Trustees and volunteers from Emmaus Salford have been honoured with The Queen’s Award for Voluntary Service, the highest award a voluntary group can receive in the UK.

Emmaus Salford is a registered charity which supports formerly homeless people by offering a home, meaningful work in a social enterprise and an opportunity to get back on their feet again.

The charity was established some eleven years ago, when a group made up of trustees and volunteers was formed. After much hard work the group found premises large enough to accommodate 28 companions and two shops. This is where the charity generates the income needed to sustain its operations today.

Valerie Burgoyne, Chairman of Emmaus Salford for the past nine years, said: “I am thrilled to receive this award on behalf of the trustees and volunteers who have worked tirelessly over the past eleven years to build an Emmaus community in Salford. Without their drive, dedication hard work we would have no community, companions or staff and I owe them a debt of gratitude for their perseverance in working so hard to realise a dream. This award is for them and it is wonderful to have our voluntary work recognised.”

Ian Orrell and Janet Davies, trustees from Emmaus Salford attended a garden party at Buckingham Palace on 24 May where they met other winners of this year’s award. Emmaus Salford will receive the award from the Lord Lieutenant of Greater Manchester at an event at Gorton Monastery in July.

Emmaus Salford is one of 193 charities, social enterprises and voluntary groups to receive the prestigious award this year. The number of awards given to groups this year is slightly higher than last year, showing that the voluntary sector is thriving and full of innovative ideas to tackle community challenges.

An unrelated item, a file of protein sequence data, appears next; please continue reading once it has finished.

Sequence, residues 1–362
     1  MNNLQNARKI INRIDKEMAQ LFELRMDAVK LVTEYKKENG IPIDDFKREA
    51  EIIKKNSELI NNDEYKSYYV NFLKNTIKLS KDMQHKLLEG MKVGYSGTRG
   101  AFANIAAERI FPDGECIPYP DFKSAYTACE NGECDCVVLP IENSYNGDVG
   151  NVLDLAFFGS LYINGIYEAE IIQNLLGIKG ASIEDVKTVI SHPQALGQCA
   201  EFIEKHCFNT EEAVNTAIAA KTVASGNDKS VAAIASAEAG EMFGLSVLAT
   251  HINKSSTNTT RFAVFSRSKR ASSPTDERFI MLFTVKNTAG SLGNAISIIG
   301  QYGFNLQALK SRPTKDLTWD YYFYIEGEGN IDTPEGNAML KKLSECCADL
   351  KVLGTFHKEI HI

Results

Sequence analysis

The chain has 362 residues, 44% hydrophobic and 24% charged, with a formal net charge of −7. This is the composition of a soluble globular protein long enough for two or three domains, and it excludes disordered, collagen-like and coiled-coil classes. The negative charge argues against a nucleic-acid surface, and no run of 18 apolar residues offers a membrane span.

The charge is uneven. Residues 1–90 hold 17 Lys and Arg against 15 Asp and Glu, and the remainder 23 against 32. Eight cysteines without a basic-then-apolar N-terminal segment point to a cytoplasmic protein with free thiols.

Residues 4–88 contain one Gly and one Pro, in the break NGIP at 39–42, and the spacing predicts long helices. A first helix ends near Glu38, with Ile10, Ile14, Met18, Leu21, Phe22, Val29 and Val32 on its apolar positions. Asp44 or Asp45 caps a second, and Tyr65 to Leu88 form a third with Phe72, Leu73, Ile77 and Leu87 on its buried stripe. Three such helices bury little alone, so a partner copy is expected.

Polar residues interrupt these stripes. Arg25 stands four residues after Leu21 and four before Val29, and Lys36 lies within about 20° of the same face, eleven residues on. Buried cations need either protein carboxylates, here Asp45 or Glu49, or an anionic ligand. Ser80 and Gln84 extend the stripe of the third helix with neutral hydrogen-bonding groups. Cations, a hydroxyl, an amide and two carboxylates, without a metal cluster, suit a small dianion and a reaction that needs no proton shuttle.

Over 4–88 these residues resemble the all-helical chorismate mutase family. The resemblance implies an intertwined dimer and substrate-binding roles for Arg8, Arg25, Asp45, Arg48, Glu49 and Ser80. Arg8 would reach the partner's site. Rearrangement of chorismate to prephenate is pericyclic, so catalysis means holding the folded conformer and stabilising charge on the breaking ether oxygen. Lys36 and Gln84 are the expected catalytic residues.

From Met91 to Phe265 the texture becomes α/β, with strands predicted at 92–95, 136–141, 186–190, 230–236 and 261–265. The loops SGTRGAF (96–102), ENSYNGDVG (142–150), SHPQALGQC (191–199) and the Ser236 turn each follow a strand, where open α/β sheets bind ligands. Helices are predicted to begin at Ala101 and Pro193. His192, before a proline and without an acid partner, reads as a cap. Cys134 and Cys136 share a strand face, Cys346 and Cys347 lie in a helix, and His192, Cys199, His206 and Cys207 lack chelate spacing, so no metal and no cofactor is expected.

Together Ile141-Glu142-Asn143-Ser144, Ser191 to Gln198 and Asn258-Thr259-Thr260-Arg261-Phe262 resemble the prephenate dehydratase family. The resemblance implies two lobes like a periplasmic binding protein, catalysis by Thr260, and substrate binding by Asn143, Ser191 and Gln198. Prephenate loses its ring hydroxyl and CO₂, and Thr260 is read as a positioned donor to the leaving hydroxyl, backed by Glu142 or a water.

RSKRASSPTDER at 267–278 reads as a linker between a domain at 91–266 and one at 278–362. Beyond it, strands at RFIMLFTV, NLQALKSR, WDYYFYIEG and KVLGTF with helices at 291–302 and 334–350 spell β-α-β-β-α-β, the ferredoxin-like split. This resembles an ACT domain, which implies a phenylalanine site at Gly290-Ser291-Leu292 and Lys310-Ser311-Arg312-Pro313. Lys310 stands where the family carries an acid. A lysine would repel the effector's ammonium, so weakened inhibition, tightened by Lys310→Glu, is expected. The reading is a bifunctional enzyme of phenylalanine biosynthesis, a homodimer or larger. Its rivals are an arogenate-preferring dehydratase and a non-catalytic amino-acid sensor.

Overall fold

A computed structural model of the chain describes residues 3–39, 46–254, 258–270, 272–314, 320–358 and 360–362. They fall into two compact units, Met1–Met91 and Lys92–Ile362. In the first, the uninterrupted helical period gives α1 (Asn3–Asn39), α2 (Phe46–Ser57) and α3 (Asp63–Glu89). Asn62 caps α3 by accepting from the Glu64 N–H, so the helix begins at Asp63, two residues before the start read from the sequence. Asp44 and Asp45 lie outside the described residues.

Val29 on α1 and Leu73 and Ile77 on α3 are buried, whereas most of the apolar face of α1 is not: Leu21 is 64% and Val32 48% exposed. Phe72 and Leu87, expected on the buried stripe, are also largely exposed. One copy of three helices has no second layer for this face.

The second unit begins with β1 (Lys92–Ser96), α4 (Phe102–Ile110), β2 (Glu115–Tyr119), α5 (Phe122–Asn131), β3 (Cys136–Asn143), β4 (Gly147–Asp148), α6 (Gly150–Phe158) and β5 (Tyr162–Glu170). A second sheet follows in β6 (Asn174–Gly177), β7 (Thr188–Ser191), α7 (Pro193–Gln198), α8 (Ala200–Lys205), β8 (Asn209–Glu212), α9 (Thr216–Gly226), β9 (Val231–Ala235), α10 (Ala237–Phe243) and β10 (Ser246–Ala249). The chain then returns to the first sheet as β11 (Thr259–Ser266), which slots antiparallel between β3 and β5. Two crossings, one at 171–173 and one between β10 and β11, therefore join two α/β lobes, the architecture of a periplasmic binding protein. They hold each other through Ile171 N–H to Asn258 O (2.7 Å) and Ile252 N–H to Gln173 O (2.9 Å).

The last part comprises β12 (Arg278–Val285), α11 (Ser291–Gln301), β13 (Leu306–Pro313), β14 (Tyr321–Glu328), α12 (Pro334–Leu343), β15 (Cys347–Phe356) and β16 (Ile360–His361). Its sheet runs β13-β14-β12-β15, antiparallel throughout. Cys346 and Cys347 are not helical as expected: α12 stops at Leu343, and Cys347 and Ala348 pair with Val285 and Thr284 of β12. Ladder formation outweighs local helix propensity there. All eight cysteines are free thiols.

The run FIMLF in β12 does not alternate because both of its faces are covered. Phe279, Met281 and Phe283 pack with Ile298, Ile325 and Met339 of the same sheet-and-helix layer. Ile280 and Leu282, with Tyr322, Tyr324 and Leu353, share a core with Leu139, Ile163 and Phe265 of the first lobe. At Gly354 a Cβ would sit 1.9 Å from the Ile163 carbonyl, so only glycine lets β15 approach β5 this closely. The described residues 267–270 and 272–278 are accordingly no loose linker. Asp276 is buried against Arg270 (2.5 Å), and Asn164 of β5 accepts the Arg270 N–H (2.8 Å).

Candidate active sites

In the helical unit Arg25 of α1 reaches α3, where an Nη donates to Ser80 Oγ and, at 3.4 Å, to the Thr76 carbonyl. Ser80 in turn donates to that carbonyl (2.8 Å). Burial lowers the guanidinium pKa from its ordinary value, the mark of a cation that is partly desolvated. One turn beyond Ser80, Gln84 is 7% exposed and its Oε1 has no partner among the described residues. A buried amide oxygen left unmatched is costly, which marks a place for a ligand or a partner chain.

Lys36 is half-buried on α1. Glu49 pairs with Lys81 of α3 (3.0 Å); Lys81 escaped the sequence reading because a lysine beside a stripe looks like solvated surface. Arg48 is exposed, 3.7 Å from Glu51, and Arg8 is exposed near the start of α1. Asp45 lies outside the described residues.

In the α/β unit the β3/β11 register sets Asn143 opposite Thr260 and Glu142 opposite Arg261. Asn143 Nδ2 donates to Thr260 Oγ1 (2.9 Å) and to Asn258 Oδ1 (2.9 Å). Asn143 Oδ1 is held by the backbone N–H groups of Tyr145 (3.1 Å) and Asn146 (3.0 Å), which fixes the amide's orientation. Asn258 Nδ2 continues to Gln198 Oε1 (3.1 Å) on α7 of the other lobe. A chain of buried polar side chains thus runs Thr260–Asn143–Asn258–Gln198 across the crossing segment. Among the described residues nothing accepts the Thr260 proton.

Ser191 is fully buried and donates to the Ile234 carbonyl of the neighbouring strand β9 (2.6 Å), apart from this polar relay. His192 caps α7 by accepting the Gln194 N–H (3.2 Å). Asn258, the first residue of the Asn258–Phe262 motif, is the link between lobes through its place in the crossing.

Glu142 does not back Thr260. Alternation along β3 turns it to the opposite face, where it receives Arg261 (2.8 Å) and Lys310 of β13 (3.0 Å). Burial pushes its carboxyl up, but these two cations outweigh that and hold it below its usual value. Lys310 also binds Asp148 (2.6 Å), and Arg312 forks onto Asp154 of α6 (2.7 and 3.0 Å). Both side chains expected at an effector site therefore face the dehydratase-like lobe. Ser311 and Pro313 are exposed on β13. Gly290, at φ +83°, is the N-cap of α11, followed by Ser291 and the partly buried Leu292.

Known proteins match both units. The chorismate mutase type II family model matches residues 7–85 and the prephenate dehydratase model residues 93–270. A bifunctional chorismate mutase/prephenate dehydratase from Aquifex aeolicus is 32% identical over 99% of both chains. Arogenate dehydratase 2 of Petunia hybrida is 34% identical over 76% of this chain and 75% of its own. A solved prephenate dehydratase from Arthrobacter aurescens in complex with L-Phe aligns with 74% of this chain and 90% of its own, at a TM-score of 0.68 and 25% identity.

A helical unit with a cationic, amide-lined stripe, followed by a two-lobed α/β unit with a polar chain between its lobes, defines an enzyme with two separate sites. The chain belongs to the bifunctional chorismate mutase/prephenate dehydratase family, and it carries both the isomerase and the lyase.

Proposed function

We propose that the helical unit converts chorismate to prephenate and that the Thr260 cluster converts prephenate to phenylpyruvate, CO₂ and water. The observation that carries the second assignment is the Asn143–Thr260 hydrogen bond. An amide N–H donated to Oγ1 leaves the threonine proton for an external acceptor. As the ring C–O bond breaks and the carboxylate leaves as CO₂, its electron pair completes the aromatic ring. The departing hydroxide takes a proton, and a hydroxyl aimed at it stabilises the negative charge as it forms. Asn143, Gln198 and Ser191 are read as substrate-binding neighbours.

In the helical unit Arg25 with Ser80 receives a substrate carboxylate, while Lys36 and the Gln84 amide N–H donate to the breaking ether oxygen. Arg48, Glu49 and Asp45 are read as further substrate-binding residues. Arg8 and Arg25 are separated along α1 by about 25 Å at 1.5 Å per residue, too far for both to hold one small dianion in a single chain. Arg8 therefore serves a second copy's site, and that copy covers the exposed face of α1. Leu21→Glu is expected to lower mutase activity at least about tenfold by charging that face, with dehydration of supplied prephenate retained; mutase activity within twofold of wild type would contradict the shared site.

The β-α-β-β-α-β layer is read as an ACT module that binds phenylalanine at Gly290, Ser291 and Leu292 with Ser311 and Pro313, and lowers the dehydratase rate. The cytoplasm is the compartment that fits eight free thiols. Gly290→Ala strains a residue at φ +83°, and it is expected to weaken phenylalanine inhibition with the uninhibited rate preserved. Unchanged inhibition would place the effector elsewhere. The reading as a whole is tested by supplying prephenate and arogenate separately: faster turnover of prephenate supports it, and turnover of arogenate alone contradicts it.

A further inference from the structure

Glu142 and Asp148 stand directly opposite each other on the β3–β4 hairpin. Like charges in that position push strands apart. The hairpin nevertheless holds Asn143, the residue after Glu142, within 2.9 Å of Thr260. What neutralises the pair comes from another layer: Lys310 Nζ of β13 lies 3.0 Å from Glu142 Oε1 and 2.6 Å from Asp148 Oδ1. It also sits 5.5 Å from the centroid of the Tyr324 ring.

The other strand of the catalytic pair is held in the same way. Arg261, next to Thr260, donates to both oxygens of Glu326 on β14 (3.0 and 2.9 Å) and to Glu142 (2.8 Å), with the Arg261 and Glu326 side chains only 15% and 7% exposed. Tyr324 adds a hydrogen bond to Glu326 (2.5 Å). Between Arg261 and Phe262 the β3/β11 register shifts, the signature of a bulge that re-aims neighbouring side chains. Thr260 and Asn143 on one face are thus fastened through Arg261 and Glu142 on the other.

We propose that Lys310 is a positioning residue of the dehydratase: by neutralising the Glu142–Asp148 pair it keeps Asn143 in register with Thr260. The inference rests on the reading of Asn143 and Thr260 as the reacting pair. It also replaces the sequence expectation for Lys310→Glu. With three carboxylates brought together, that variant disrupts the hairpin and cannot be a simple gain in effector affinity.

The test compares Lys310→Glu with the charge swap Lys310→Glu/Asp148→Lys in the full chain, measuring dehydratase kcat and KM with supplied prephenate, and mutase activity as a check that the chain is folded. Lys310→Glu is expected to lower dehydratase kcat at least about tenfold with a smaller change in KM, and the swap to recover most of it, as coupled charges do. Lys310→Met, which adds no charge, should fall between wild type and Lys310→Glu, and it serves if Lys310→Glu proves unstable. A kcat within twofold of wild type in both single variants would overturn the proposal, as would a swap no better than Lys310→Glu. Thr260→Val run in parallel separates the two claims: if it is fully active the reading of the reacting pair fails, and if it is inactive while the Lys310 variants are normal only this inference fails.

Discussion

Sir Martyn Lewis, The Queen’s Award for Voluntary Service Committee Chair, former broadcast journalist, said: “I warmly congratulate all of the inspirational voluntary groups who have been rewarded for their community work with a Queen’s Award for Voluntary Service. The judging panel for this year’s awards were struck by the quality and breadth of all the successful groups. The thousands of volunteers who give up spare time to help others in their community and to help solve problems demonstrate the very best of democracy in action.”

The Queen’s Award for Voluntary Service is the highest award given to local volunteer groups across the UK to recognise outstanding work in their communities. The awards were created in 2002 to celebrate the Queen’s Golden Jubilee and winners are announced each year on 2nd June – the anniversary of the Queen’s Coronation.

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